Basics of Good Horse Grooming
One of the most important parts of your relationship with your horse is grooming. Perhaps even more than riding, grooming allows you to bond with your equine.
"The biggest benefit of grooming," says equestrian Ilona Monahan of Ottawa, Canada, "is the quality time it gives you with your animals. Elbow grease and a bit of love are generally all that's required for a shiny coat."
Grooming benefits not only your horse's physical health, but his emotional needs as well. During times when you can't ride, there is nothing like an extended grooming session to bring you closer to your equine partner – while making him look good to boot.
Of course, keeping your horse healthy inside and out starts with a proper nutrition program, regular worming, veterinary care and exercise. Once those needs are met, your daily grooming session will serve as a time when you can evaluate your horse's overall condition. Is he sore anywhere? Stiff? Is his skin dry or rubbed? Are there lumps and bumps, or wounds on the surface? If you follow a systematic grooming routine, you're likely to spot any problems early.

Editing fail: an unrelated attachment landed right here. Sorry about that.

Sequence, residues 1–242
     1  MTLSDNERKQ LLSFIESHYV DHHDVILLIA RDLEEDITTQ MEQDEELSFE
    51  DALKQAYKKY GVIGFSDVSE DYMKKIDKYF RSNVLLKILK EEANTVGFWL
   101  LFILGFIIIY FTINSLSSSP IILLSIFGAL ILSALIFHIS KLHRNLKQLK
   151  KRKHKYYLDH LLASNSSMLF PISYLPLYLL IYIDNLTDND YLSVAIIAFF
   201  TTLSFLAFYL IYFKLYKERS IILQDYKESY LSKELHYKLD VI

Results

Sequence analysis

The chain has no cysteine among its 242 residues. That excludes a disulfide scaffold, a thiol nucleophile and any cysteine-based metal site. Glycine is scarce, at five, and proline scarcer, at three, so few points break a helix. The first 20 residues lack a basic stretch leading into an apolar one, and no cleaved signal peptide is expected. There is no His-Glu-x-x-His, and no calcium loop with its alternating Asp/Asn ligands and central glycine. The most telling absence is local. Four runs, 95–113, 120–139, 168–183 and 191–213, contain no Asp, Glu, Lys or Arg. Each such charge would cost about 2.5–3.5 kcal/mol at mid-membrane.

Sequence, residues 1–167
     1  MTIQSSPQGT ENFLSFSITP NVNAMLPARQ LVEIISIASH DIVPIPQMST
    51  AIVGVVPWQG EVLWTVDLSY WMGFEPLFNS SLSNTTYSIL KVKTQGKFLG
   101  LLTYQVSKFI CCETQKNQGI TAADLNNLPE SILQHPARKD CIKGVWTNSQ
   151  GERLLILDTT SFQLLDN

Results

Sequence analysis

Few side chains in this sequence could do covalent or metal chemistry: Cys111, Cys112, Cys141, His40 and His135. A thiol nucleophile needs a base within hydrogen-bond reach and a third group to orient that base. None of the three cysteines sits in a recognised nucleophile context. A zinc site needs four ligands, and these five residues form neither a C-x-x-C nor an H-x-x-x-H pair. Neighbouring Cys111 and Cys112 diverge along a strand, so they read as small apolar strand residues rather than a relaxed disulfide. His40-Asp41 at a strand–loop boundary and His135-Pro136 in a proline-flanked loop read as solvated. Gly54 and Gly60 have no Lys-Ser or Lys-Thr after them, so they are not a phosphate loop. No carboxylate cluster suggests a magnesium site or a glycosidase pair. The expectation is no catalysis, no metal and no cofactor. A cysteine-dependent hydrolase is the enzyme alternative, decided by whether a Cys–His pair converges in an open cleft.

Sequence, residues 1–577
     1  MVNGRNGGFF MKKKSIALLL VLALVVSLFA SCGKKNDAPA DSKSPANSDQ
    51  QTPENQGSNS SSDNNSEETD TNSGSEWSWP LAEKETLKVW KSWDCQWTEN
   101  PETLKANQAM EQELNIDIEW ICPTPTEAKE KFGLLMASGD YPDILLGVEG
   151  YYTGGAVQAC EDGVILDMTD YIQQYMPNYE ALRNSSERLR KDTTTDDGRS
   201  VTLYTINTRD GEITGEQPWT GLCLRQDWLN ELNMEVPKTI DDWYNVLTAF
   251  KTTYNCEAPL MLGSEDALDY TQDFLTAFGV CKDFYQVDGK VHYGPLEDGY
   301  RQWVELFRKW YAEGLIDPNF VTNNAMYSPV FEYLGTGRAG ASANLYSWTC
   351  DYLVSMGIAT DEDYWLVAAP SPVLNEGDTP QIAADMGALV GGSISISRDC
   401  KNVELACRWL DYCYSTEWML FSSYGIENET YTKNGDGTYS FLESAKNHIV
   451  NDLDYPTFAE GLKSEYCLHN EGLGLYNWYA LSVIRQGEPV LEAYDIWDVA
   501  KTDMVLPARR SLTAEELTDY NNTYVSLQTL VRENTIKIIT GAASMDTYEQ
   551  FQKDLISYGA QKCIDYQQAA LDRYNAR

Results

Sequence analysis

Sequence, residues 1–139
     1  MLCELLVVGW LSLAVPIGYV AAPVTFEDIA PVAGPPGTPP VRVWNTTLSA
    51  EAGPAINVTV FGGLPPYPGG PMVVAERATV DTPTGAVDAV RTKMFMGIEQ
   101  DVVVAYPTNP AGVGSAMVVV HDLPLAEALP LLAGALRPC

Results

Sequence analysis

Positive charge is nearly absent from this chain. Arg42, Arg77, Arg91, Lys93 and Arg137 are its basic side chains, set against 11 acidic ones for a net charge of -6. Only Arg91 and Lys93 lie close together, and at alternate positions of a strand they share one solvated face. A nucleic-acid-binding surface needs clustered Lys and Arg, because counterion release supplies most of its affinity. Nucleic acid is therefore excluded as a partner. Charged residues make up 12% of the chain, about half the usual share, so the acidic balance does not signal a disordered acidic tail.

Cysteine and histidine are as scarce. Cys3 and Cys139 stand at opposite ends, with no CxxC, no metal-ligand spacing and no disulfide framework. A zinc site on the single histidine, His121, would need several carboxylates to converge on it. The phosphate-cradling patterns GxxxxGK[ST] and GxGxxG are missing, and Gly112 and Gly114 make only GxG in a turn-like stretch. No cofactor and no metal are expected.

The Daily Regimen
Regardless of whether your horse is blanketed, daily grooming should be the rule and not the exception. There are some basic tenets that are important in this regimen; others must be adapted according to your horse's needs. For instance, thin-skinned horses such as thoroughbreds sometimes object to very stiff brushes. If you notice that your horse seems irritable or ticklish when you groom, use a softer brush or a soft rubber curry.
Don't Curry in a Hurry
The first rule of good grooming is that there is no substitute for elbow grease. The curry is your best friend when it comes to efficient cleaning. The small rubber curries with cone-shaped teeth, such as the Grooma, are best for bringing up dirt without irritating your horse. Most horses enjoy this process, and you also can provide a good massage while eliminating dirt, hair and dead skin. Currying is the most important part of good grooming and lays the foundation for getting the coat and skin really clean.
Begin currying at your horse's head. Most horses love having their faces curried or brushed, and it's an area that is frequently ignored. Work gently and let your horse tell you how much pressure to apply. Del Ring of Dayton, Ohio, stresses that it's important to do more than just wipe the horse's face with a cloth. Horses usually "lean into the brush, especially after they've sweated a bit," says Ring.